A New, Objective Way to Assess Visual Fields: Visual Evoked Potentials
PINE BROOK, N.J., Aug. 2, 2011 /PRNewswire/ -- A new visual evoked potential method has been developed to objectively assess visual field defects in patients with ocular and/or neurological conditions. The research team of Kenneth Ciuffreda, OD, PhD, Diana Ludlam and Naveen Yadav at the SUNY State College of Optometry, Department of Vision Sciences (New York, NY) presented a scientific poster called "Effect of Different Stimulus Configurations on the Visually Evoked Potential (VEP)" at the 2011 Association for Research in Vision and Ophthalmology (ARVO) Annual Meeting. The purpose of the study was to assess the effect of different stimuli on VEP results, with the future goal of using the method as an objective form of visual field testing.
Traditionally, visual field tests consist of a patient looking into the center of a concave dome and pressing a button when they see a flash of light. This is meant to help map the patient's peripheral and central vision. However, the visual field test is a subjective exam because it requires the patient to understand the test instructions and fully cooperate to obtain accurate results. The process may be difficult and time consuming for some patients, often leading to poor repeatability and reliability. It is especially difficult for special patient populations such as those with cognitive impairments or attention deficits like Alzheimer's, ADHD, and acquired brain injury (ABI). Dr. Ciuffreda, a Distinguished Teaching Professor at SUNY and an optometrist says, "I rarely rely on the first visual field test I give a patient. I need to see the results repeated at least once to make sure that the patient fully understood what they were supposed to do, and that they were paying attention during the entire duration of the test."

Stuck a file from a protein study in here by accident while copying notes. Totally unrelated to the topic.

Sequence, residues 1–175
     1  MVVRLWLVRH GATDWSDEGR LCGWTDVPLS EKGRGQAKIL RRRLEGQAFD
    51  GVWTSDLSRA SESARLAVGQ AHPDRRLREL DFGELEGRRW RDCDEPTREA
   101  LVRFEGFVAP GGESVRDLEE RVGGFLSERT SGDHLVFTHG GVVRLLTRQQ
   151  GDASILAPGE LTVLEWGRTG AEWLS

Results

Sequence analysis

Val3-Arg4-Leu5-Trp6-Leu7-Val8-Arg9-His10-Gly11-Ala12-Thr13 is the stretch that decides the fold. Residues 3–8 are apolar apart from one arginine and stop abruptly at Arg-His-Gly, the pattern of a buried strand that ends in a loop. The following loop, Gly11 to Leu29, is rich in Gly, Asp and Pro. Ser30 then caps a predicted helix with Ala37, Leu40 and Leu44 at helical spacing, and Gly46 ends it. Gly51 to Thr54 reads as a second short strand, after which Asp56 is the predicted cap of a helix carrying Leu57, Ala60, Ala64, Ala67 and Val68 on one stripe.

The new VEP method overcomes many of the downfalls of traditional visual field testing. The device, called the Diopsys® NOVA VEP Vision Testing System, is an objective, rapid, repea